7. Wichrowska, D.; Żary-Sikorska, E. Właściwości prozdrowotne jabłkowych wytłoków poprasowych. Inżynieria Apar. Chem. 2015, 54, 286–287. [Google Scholar]
  8. Znamirowska, A.; Kalicka, D.; Buniowska, M.; Rożek, P. Wpływ dodatku suszu z wytłoków jabłkowych na właściwości fizykochemiczne i sensoryczne jogurtów. Żywn. Nauk. Tech. Jak. 2018, 25, 71–80. [Google Scholar] [CrossRef]
  9. Miastkowski, K.; Bakoniuk, J.R.; Czaplicka, M.; Obidziński, S. Charakterystyka wiązania wody przez błonnik kakaowy. Postępy Tech. Przetw. Spoż. 2015, 1, 15–19. [Google Scholar]
  10. Matysek-Nawrocka, M.; Cyrankiewicz, P. Substancje biologicznie aktywne pozyskiwane z herbaty, kawy i kakao oraz ich zastosowanie w kosmetykach. Postępy Fitoterapii. 2016, 17, 139–144. [Google Scholar]
  11. Martínez-Cervera, S.; Salvador, A.; Muguerza, B.; Moulay, L.; Fiszman, S.M. Cocoa fibre and its application as fat replacer in chocolate muffins. LWT Food Sci. Technol. 2011, 44, 729–736. [Google Scholar] [CrossRef]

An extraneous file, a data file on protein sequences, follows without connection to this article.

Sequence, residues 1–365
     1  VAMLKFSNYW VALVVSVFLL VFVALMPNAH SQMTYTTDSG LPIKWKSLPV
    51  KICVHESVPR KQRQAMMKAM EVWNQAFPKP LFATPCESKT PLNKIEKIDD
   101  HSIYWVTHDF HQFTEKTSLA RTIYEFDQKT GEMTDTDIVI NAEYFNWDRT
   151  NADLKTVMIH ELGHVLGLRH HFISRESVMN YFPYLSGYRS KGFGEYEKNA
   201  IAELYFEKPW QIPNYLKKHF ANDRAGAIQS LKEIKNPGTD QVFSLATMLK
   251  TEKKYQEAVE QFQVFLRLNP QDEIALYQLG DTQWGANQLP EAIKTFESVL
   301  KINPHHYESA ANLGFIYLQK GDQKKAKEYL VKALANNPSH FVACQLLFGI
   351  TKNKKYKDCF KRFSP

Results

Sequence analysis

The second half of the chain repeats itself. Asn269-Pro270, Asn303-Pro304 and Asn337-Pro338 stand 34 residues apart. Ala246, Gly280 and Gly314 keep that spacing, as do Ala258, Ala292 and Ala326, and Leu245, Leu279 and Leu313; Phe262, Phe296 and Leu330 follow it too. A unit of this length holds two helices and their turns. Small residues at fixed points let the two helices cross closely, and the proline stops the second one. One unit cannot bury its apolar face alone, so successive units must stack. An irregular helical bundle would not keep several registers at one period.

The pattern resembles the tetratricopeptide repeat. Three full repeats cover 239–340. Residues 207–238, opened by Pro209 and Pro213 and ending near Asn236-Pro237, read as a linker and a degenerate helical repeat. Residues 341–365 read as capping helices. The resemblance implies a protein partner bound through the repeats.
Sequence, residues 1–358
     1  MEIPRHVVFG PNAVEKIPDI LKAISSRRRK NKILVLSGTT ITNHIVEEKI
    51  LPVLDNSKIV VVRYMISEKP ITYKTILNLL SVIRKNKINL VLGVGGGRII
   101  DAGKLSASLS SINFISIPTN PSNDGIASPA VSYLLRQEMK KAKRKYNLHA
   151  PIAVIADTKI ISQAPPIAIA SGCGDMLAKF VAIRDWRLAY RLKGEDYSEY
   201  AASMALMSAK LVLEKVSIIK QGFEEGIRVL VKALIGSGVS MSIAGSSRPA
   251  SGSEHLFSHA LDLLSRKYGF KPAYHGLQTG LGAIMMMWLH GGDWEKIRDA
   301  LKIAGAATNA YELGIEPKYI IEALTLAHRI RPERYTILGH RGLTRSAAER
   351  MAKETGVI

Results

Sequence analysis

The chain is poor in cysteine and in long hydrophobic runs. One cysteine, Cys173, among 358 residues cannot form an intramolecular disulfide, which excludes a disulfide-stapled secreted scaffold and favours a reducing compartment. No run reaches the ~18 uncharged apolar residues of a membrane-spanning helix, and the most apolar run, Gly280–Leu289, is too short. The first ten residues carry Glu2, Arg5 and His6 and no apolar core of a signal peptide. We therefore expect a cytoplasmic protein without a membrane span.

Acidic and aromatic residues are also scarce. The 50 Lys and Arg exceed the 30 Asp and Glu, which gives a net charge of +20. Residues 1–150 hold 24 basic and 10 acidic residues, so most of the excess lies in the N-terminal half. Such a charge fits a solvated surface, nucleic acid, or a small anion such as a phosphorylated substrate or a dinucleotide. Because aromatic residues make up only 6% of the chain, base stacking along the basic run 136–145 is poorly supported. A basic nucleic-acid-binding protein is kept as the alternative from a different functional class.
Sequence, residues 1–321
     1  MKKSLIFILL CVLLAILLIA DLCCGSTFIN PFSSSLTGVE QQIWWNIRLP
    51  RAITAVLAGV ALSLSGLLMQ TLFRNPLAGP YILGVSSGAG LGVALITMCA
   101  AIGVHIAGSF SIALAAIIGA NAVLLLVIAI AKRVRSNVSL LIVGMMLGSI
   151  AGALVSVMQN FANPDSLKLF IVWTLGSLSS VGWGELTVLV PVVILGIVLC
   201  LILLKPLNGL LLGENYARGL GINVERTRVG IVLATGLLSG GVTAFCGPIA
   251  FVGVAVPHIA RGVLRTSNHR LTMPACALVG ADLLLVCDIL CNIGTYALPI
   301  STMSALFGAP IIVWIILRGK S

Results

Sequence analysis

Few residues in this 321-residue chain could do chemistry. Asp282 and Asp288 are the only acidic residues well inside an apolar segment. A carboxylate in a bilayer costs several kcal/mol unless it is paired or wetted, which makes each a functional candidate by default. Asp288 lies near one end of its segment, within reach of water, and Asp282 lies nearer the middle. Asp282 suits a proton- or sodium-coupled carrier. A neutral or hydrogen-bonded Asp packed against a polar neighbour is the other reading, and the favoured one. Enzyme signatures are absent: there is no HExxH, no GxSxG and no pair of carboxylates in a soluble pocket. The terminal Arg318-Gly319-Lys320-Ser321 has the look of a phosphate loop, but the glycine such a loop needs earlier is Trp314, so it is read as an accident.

12. Masiarz, E.; Kowalska, H.; Bednarska, M. Wykorzystanie wytłoków roślinnych jako źródła błonnika pokarmowego i innych bio-składników w kreowaniu właściwości prozdrowotnych, sensorycznych i technologicznych pieczywa. Postępy Tech. Przetw. Spoż. 2019, 1, 103–107. [Google Scholar]
  13. Dhingra, D.; Michael, M.; Rajput, H.; Patil, R.T. Dietary fibre in foods: A review. J. Food Sci. Technol. 2012, 49, 255–266. [Google Scholar] [CrossRef][Green Version]
  14. Foschia, M.; Peressini, D.; Sensidoni, A.; Brennan, C.S. Review the effects of dietary fibre addition on the quality of common cereal products. J. Cereal Sci. 2013, 58, 216–227. [Google Scholar] [CrossRef]
  15. Yang, Y.; Ma, S.; Wang, X.; Zheng, X. Modification and Application of Dietary Fiber in Foods. J. Chem. 2017, 10, 1–8. [Google Scholar] [CrossRef][Green Version]
  16. Antonic, B.; Jancikova, S.; Dordevic, D.; Tremlova, B. Apple pomace as food fortification ingredient: Asystematic review and meta-analysis. J. Food Sci. 2020, 85, 2977–2985. [Google Scholar] [CrossRef]
  17. Hussain, S.; Jõudu, I.; Bhat, R. Dietary Fiber from Underutilized Plant Resources—A Positive Approach for Valorization of Fruit and Vegetable Wastes. Sustainability 2020, 12, 5401. [Google Scholar] [CrossRef]